May 4, 2012
Dear Mayo Clinic:
Are there natural ways to prevent gout attacks or at least lessen the severity? I do not want to take medication if it's not necessary.
If you have been diagnosed with gout, you can make lifestyle changes that may help lower the risk of future gout attacks.
Gout is a form of arthritis that happens when sharp particles, called urate crystals, build up in a joint, causing severe pain, tenderness and swelling. One joint commonly affected by gout is located at the base of the big toe. Urate crystals form when high levels of uric acid are present in the blood.
Your body produces uric acid when it breaks down purines — substances found naturally in the body, as well as in certain foods. Uric acid usually dissolves in your blood and passes through your kidneys into your urine. But sometimes your body either produces too much uric acid or your kidneys flush out too little uric acid. When this happens, gout often results.
One of the most helpful ways to prevent gout attacks is to maintain a healthy body weight. Research has shown that excess weight is a major risk factor for developing gout. If you are overweight, losing weight can lower uric acid levels in your body and significantly reduce your risk of gout attacks.
Regarding the type of diet you should follow, the traditional thinking was that reducing the amount of foods that contain purines could substantially decrease the risk of gout flares. However, managing a low-purine diet can be quite cumbersome, and the success of such a diet in lowering blood uric acid levels is actually quite low. Even if you strictly follow a low-purine diet, the decrease in your blood uric acid level is rarely enough to cure gout.
Instead, a lower-calorie diet — one that replaces refined carbohydrates (sugar, white flour, others) with more complex carbohydrates, limits meat, and increases vegetables and fruit — often can be much more effective at reducing blood uric acid levels than a low-purine diet.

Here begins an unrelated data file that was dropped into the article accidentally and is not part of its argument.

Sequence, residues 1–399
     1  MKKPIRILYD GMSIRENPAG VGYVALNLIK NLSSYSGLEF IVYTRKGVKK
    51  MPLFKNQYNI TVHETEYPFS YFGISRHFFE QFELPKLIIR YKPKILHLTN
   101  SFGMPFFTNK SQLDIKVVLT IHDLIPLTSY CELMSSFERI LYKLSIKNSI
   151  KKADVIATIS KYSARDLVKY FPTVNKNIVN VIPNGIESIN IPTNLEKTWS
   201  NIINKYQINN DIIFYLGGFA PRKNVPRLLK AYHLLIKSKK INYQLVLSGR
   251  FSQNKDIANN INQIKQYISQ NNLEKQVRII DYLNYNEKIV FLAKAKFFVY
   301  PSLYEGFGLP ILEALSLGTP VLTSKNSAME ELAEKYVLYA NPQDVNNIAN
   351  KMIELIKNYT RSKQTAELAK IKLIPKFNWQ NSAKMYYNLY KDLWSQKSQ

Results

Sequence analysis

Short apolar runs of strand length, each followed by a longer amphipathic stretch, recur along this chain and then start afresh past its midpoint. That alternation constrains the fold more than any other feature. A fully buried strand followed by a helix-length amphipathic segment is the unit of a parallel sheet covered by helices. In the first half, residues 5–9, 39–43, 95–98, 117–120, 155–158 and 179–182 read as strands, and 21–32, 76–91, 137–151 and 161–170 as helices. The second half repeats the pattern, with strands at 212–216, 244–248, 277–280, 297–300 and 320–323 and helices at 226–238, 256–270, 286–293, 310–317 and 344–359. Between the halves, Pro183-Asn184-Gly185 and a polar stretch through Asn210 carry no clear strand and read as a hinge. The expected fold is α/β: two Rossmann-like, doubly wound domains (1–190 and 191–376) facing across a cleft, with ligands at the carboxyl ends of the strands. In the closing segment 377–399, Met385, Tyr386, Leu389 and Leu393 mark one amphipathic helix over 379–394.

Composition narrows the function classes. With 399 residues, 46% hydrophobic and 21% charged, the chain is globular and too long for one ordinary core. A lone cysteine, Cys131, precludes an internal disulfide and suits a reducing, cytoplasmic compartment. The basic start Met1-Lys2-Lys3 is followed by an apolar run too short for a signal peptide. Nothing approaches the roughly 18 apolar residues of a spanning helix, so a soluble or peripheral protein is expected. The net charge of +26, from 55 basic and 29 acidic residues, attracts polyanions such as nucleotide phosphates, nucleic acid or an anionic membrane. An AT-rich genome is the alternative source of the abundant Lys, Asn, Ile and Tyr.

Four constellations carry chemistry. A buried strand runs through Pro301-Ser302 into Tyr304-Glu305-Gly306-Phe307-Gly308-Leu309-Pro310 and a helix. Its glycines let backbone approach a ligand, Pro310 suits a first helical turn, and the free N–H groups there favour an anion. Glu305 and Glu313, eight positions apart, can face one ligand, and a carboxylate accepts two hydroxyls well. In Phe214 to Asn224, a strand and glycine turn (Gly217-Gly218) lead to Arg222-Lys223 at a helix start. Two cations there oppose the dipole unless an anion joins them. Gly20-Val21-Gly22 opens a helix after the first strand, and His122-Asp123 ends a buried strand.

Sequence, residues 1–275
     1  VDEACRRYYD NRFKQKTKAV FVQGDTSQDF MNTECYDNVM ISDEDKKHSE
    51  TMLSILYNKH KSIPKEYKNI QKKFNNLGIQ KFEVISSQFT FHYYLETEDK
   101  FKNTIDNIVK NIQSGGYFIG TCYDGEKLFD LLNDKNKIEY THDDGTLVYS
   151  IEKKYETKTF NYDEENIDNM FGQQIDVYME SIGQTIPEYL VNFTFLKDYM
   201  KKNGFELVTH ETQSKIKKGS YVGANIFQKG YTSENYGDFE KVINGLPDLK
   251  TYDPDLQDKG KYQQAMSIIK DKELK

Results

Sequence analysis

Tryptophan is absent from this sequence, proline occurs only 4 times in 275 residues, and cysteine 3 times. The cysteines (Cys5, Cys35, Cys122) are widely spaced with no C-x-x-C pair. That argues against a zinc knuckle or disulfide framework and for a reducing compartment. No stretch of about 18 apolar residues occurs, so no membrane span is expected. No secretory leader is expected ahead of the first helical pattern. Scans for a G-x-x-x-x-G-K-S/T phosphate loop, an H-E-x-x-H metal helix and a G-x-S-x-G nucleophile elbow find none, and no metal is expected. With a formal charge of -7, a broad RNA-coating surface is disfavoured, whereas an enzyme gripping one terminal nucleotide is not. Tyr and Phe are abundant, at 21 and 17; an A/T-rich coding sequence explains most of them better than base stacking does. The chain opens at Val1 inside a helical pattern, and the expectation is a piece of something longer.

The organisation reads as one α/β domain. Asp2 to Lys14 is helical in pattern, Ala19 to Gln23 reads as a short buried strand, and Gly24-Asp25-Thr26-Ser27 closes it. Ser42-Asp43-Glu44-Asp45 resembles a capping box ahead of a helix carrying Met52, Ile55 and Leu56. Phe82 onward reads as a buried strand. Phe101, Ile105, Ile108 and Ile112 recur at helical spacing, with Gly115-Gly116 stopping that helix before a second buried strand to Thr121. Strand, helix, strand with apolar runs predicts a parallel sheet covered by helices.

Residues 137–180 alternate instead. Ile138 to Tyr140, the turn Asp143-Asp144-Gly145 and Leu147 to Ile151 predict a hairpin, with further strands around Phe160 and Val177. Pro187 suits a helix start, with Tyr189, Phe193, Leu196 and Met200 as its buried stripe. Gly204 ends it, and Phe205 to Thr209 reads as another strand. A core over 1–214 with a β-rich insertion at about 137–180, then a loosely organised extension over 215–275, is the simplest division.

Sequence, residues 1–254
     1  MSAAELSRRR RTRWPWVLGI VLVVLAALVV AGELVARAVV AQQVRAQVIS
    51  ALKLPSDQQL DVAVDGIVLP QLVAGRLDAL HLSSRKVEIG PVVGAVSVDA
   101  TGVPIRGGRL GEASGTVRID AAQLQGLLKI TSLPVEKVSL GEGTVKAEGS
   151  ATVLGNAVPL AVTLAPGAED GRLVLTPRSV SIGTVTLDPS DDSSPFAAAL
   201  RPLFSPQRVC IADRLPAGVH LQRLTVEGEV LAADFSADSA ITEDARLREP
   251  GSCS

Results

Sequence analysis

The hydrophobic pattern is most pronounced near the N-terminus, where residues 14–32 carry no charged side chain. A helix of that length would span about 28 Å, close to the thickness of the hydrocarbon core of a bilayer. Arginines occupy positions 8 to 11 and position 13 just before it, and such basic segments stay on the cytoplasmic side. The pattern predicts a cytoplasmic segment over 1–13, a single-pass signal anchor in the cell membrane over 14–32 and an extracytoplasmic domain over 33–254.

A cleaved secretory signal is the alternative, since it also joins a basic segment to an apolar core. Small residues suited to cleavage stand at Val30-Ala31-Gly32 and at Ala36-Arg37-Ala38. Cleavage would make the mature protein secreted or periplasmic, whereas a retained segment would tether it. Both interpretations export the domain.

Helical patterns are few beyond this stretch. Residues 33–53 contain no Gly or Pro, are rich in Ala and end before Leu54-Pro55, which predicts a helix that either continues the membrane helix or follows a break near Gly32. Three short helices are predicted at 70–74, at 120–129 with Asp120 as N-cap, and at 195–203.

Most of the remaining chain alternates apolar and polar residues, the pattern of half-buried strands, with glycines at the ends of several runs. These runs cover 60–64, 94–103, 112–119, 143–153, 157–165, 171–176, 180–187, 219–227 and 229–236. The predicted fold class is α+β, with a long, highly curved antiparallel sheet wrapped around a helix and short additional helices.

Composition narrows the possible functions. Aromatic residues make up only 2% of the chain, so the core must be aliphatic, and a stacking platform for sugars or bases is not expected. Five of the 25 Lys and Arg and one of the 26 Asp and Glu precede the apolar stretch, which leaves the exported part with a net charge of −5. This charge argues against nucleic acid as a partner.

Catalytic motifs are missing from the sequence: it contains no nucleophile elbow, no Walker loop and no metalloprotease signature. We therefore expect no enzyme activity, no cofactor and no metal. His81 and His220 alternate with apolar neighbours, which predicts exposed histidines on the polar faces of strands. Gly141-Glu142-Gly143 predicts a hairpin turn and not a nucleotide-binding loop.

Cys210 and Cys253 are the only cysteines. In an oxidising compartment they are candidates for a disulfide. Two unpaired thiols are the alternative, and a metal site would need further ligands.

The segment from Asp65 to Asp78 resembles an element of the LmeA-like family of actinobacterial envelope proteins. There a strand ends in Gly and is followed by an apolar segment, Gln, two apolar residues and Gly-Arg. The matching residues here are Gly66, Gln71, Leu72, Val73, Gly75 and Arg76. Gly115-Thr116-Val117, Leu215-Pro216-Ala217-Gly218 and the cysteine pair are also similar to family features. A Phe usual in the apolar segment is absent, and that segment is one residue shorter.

Specifically, to lower your risk of gout, eat fruits, vegetables, whole grains and fat-free or low-fat milk products. Get your protein mainly from low-fat dairy products because they may protect against gout. Limit the meat, fish and poultry you eat to no more than 4 to 6 ounces a day. Drink 8 to 16 cups, or about 2 to 4 liters, of fluid daily, with at least half of that being water.
In addition, avoid foods and beverages that have been shown to increase the risk of gout attacks, including those that are rich in fructose, such as fruit-flavored drinks, non-diet soda and many processed foods. Drinking alcohol, especially beer, is also a significant risk factor for gout. Studies have suggested that drinking two or more beers a day can double the risk of a gout attack. So limit the amount of alcohol you drink, or avoid it completely.
Although you mention a preference not to take medication, if you have other health problems, some medications taken for those conditions may also be useful in preventing gout. For example, the blood pressure medication losartan has been shown to lower uric acid levels, and a variety of medications used to treat high cholesterol also have a beneficial effect on blood uric acid levels. If you have high blood pressure or elevated cholesterol and are managing them with medication, talk to your doctor about using a drug that could help prevent gout, as well.
Finally, if lifestyle changes aren't enough to control gout, very effective medications are available. If you decide to try medication, talk to your doctor about which one is right for you.
— Tim Bongartz, M.D., Rheumatology, Mayo Clinic, Rochester, Minn.